It is not for nothing that Carson said, in a House of Commons debate in 1918, that there was “nothing Ireland – north, south, east, and west – has suffered so much in its history as the broken pledges of British statesmen”.
Barring the unlikely event of a unionist majority at Stormont repudiating the Protocol, Brexit now seems to have set a precedent that the UK cannot make policy with respect to Northern Ireland that places any new distance between it and the Republic. Since nowhere is it suggested that Ireland should be restricted by alignment with the Province, this seems to imply that Ulster has now moved into Dublin’s regulatory slipstream.
That this has happened without the referendum that is supposed to be required for a significant change to Northern Ireland’s status is possible because Dublin and its outriders have left their London counterparts standing when it comes to selling an interpretation of the Belfast Agreement which maximises their entitlements whilst interpreting those of unionists as narrowly as possible.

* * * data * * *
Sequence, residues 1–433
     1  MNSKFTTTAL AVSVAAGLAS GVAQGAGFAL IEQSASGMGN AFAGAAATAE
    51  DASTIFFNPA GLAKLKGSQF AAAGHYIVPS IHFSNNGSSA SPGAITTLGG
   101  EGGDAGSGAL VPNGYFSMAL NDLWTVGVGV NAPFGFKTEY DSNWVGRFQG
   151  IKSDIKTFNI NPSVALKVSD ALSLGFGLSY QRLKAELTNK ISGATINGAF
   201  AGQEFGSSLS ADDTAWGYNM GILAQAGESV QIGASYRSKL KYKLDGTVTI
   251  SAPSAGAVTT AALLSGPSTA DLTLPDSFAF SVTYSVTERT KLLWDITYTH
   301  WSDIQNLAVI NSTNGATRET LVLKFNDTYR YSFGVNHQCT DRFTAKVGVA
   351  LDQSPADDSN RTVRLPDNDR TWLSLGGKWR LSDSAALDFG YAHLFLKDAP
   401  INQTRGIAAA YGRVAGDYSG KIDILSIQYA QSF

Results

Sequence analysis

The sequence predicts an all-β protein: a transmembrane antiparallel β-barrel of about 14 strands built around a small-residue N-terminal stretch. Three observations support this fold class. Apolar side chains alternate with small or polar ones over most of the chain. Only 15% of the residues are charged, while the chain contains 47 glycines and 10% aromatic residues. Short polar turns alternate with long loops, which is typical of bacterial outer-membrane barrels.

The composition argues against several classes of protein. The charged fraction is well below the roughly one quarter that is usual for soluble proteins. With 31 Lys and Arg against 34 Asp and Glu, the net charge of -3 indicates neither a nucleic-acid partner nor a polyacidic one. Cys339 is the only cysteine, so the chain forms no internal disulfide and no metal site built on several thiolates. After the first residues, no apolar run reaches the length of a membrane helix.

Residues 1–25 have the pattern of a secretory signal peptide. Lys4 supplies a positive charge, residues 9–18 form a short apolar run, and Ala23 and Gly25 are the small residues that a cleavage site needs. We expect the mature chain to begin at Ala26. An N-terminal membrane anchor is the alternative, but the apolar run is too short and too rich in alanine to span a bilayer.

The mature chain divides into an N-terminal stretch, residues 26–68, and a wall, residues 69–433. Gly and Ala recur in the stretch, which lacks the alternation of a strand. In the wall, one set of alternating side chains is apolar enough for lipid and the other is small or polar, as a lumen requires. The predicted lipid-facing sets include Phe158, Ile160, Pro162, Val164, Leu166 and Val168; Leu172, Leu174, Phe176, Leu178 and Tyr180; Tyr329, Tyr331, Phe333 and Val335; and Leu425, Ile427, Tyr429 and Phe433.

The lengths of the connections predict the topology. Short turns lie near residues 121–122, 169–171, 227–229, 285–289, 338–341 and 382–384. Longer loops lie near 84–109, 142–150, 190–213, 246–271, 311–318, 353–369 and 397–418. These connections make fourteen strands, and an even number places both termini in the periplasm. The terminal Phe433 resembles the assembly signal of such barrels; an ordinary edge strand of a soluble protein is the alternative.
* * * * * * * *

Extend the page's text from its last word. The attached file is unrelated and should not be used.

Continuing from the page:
Contra some of the doom-mongering, none of this means that the loss of the Province to Ireland is inevitable. We should be wary of the ‘heads we win, tails you lose’ analysis peddled by some nationalists. It seems likely that as long as the Irish plan for annexation involves asking the UK to continue to fully subsidise Northern Ireland for decades after the fact, there is still a case for the Union to be made.
But as I keep saying, a union cannot survive on fiscal transfers alone. If the UK is to endure, the foundations of the state need to rest on shared identity and experiences, as well as interests. And any Government that wishes not only to secure Northern Ireland’s formal position as part of the Union, but to see it play a full role in British political, economic, and cultural life, has a lot of work to do.